https://www.earthdoc.org/content/journals/10.1111/1365-2478.13189?TRACK=RSS
<div><span class="tl-main-part">ABSTRACT</span>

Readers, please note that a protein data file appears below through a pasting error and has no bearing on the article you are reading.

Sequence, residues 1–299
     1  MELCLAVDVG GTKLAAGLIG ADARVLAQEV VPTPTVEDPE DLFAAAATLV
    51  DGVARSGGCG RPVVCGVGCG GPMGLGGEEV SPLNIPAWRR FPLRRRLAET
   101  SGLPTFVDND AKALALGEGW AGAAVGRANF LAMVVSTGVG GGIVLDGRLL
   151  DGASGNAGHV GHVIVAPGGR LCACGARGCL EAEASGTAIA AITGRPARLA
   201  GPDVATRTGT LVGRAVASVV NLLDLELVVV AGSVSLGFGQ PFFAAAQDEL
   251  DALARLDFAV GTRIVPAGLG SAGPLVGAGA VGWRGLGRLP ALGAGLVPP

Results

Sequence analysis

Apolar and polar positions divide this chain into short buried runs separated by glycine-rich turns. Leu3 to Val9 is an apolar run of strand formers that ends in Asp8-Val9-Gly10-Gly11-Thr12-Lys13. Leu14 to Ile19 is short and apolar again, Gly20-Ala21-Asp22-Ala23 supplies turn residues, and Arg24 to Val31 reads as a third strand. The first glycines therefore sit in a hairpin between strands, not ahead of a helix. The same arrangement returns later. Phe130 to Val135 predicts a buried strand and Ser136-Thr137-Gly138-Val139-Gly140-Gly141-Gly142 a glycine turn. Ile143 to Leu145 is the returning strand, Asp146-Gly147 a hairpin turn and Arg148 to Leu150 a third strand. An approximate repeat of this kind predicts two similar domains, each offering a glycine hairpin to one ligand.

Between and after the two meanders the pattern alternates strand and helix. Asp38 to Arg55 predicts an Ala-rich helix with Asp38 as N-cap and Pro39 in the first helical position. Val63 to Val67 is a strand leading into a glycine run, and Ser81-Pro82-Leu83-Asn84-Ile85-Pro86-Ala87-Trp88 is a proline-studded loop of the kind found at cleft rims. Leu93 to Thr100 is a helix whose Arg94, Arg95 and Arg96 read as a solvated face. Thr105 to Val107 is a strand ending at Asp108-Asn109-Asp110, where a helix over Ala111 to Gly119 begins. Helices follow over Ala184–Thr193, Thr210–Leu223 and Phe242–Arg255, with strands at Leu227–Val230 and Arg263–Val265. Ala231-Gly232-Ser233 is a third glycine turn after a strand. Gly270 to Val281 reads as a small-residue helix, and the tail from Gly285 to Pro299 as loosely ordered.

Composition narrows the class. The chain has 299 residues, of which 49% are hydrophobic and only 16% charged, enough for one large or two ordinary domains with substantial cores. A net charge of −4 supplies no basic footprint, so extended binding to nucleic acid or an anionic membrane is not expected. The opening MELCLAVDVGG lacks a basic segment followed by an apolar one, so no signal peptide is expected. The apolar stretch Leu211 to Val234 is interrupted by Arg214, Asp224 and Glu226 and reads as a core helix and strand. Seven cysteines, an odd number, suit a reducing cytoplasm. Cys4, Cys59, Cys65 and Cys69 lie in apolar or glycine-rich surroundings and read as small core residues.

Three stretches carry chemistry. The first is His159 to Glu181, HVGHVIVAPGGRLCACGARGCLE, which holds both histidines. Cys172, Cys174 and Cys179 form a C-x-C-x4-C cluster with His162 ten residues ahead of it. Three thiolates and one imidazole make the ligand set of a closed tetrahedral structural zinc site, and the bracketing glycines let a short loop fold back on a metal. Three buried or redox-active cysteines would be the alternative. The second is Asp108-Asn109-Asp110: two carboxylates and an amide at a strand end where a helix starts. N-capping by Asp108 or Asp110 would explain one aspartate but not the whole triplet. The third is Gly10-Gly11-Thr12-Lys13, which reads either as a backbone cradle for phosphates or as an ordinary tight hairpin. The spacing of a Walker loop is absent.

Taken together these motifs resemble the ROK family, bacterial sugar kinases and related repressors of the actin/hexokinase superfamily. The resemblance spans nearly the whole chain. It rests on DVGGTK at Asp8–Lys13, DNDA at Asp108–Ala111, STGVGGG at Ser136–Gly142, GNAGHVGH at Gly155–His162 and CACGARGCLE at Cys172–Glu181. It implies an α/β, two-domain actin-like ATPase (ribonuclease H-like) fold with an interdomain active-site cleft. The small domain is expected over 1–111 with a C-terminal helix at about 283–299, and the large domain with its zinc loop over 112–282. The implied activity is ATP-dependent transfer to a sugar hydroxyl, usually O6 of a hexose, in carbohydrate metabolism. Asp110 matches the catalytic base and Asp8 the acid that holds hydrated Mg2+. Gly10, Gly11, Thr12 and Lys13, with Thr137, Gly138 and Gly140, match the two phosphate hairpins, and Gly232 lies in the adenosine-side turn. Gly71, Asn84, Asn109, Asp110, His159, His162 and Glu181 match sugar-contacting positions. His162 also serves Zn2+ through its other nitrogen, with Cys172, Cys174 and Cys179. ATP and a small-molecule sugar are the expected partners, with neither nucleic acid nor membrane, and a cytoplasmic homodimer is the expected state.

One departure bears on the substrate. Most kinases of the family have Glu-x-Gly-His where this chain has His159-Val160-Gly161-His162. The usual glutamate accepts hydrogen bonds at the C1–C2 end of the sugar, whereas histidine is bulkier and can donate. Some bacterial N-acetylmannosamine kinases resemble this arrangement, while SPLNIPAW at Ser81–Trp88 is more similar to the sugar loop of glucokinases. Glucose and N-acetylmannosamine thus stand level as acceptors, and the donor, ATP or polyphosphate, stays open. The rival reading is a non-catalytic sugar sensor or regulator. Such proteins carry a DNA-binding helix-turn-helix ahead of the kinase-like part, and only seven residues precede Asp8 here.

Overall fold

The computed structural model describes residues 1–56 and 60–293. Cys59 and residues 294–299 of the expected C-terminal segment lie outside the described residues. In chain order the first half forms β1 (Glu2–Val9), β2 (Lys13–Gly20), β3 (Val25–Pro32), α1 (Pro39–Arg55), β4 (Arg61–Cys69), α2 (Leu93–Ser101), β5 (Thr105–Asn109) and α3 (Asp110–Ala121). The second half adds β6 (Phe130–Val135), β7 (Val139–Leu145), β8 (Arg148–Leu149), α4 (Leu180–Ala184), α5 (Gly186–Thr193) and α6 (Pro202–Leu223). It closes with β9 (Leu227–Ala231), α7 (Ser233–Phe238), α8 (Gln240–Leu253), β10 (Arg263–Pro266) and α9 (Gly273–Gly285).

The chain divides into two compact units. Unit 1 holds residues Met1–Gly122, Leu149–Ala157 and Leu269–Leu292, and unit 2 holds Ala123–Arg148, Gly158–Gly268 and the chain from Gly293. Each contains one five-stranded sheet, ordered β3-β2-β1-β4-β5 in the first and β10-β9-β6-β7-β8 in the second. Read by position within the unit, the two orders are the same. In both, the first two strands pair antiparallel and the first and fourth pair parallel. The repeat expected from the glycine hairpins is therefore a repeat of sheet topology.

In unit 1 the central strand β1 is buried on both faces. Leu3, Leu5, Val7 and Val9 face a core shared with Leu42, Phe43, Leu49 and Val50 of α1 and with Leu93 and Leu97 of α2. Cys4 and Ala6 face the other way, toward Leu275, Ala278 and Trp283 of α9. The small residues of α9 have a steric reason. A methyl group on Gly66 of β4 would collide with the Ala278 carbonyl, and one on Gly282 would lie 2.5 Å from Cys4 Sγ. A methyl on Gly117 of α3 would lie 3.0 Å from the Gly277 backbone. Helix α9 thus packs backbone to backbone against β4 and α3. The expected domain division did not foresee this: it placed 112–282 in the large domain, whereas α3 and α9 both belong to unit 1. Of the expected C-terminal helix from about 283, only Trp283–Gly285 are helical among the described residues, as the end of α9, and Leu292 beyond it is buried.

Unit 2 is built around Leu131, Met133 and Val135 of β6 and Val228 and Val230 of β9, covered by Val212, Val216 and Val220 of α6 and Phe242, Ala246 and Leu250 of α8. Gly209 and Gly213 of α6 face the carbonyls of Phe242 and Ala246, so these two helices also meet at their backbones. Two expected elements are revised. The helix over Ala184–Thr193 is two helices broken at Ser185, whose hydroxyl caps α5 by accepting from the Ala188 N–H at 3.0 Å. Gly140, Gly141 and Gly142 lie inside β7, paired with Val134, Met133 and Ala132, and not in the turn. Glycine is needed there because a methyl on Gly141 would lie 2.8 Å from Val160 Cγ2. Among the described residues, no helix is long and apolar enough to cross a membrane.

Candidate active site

<p>Casting a geophysical inverse problem into a Bayesian setting is often discouraged by the computational workload needed to run many forward modelling evaluations. Here we present probabilistic inversions of electrical resistivity tomography data in which the forward operator is replaced by a trained residual neural network that learns the non‐linear mapping between the resistivity model and the apparent resistivity values. The use of this specific architecture can provide some advantages over standard convolutional networks as it mitigates the vanishing gradient problem that might affect deep networks. The modelling error introduced by the network approximation is properly taken into account and propagated onto the estimated model uncertainties. One crucial aspect of any machine learning application is the definition of an appropriate training set. We draw the models forming the training and validation sets from previously defined prior distributions, while a finite element code provides the associated datasets. We apply the approach to two probabilistic inversion frameworks: A Markov chain Monte Carlo algorithm is applied to synthetic data, while an ensemble‐based algorithm is employed for the field measurements. For both the synthetic and field tests, the outcomes of the proposed method are benchmarked against the predictions obtained when the finite element code constitutes the forward operator. Our experiments illustrate that the network can effectively approximate the forward mapping even when a relatively small training set is created. The proposed strategy provides a forward operator that is three orders of magnitude faster than the accurate but computationally expensive finite element code. Our approach also yields the most likely solutions and uncertainty quantifications comparable to those estimated when the finite element modelling is employed. The presented method allows solving the Bayesian electrical resistivity tomography with a reasonable computational cost and limited hardware resources.</p></div>Wed, 18 May 2022 00:00:00 GMThttps://www.earthdoc.org/content/journals/10.1111/1365-2478.13189?TRACK=RSSMattia Aleardi, Alessandro Vinciguerra, Eusebio Stucchi and Azadeh Hojat2022-05-18T00:00:00ZCORRIGENDUM